# O.R中尚未解決的重大問題

10多年前，在INFORMS年度會議期間，舉行了一場專門討論" 未解決的重大問題"的會議。"（您可以在this webpage上找到該會話的小報告）。

Two open problems in linear optimization (which is considered more or less a 'solved' subfield by many):

1. Is there a pivoting strategy for the Simplex algorithm guaranteeing to find an optimal vertex in a polynomial number of steps?

This is related to the Hirsch conjecture. The diameter of a polytope is a theoretical lower bound on the Simplex iterations necessary.

The average number of iterations appears to have been proven to be polynomial, and there are various pivoting strategies with expected polynomial number of iterations, but the worst case for all strategies still appears to be exponential.

1. Can convergence in less than $$\sqrt n$$ steps be guaranteed for any interior point method for linear programming?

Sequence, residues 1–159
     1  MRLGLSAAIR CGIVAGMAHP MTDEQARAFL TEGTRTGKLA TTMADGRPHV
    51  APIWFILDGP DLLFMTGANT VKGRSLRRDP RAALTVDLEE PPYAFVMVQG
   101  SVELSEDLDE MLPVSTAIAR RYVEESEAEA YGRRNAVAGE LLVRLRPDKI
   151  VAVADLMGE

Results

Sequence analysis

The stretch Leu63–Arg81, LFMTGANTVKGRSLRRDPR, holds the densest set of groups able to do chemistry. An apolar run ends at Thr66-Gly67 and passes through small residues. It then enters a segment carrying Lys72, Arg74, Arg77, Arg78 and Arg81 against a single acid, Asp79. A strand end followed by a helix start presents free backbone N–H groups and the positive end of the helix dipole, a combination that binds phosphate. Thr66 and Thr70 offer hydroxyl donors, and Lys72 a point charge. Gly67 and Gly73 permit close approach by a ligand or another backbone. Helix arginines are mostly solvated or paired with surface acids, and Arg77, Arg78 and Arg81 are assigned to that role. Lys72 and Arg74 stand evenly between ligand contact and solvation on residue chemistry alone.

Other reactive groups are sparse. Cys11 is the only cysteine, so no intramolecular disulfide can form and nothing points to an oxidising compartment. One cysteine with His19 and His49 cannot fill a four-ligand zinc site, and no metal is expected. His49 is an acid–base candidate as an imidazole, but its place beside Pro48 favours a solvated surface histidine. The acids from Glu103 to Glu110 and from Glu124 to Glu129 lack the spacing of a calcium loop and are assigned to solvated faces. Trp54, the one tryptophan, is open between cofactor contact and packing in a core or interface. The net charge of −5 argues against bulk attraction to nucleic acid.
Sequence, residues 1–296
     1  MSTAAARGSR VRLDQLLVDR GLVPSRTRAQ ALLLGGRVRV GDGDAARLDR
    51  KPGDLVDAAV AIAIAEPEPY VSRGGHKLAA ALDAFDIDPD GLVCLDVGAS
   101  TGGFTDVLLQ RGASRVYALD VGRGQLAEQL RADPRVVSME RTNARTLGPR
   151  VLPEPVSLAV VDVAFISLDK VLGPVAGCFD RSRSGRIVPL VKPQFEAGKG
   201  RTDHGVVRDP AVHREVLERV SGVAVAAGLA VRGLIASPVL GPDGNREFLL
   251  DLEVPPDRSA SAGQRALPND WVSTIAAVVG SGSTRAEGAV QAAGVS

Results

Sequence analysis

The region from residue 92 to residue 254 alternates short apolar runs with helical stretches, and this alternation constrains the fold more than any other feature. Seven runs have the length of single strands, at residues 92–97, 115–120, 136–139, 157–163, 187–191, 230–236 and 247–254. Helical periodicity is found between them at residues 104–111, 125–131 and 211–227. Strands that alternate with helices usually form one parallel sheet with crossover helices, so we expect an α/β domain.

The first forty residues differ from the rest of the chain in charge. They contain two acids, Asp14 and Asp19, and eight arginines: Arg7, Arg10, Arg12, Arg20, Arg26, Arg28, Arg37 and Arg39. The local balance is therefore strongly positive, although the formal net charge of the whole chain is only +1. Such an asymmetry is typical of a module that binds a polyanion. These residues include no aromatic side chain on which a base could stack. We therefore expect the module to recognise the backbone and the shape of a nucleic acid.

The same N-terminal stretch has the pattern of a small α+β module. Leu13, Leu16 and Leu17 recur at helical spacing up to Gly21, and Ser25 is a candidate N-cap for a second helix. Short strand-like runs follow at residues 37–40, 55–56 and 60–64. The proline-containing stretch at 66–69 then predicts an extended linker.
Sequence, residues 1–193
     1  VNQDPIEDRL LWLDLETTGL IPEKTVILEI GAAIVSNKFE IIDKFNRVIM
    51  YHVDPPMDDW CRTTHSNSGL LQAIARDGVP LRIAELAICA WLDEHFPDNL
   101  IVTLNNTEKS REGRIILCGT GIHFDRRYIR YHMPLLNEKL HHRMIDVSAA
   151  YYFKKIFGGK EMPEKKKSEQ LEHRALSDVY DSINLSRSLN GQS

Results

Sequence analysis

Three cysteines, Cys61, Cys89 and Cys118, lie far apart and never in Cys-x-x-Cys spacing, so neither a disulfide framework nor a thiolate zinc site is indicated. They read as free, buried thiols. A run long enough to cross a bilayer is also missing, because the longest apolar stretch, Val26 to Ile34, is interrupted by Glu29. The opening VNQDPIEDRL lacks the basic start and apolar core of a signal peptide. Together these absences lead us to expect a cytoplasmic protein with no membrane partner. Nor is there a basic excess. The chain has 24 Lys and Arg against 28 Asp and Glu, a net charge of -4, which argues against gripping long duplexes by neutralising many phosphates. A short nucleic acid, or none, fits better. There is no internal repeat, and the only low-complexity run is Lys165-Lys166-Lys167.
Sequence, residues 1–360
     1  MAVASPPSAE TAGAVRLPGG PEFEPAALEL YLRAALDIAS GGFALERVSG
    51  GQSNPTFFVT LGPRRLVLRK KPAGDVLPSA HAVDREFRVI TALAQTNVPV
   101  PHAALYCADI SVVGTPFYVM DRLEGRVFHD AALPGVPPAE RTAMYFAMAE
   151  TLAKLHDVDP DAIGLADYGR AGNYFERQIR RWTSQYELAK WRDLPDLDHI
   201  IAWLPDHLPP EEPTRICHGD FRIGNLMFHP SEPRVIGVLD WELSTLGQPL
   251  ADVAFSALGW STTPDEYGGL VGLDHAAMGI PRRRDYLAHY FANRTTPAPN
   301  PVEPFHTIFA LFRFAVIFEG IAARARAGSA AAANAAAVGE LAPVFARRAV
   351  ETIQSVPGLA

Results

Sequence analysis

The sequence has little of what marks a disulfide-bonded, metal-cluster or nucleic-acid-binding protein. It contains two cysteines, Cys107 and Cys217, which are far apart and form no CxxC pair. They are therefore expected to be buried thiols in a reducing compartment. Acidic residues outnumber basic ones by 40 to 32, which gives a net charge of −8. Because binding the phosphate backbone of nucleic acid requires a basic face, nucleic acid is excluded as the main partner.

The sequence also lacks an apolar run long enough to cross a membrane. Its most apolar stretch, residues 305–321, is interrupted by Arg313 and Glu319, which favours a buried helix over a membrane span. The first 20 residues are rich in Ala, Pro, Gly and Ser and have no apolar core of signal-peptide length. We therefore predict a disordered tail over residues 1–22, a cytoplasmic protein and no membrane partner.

It can be proved that interior point methods converge in $$O(\sqrt n \ln \frac{1}{\epsilon})$$ iterations (see for example Gondzio 2012). In practice they are observed to converge faster (in the order of around $$O(\ln (n+m))$$ iterations. But (to the best of my knowledge) no better bound has been proven so far.

Problem #9 in the list of Smale's Problems states:

The linear programming problem: Find a strongly-polynomial time algorithm which for given matrix $$A \in \mathbb{R}^{m \times n}$$ and $$b \in \mathbb{R}^m$$ decides whether there exists $$x \in \mathbb{R}^n$$ with $$Ax \ge b$$.

If interested in other (not-necessarily OR but in related fields), you can check the following pages too:

Here is a list of unsolved (open) problems by R. Weber. The most fascinating ones in my opinion are the following.

• Search for a moving target in discrete time

The discrete-time version of this problem is still unsolved. There have been partial solutions, but no solution for all possible values of the model parameters.

• Non-preemptive release of stochastic jobs to uniform machines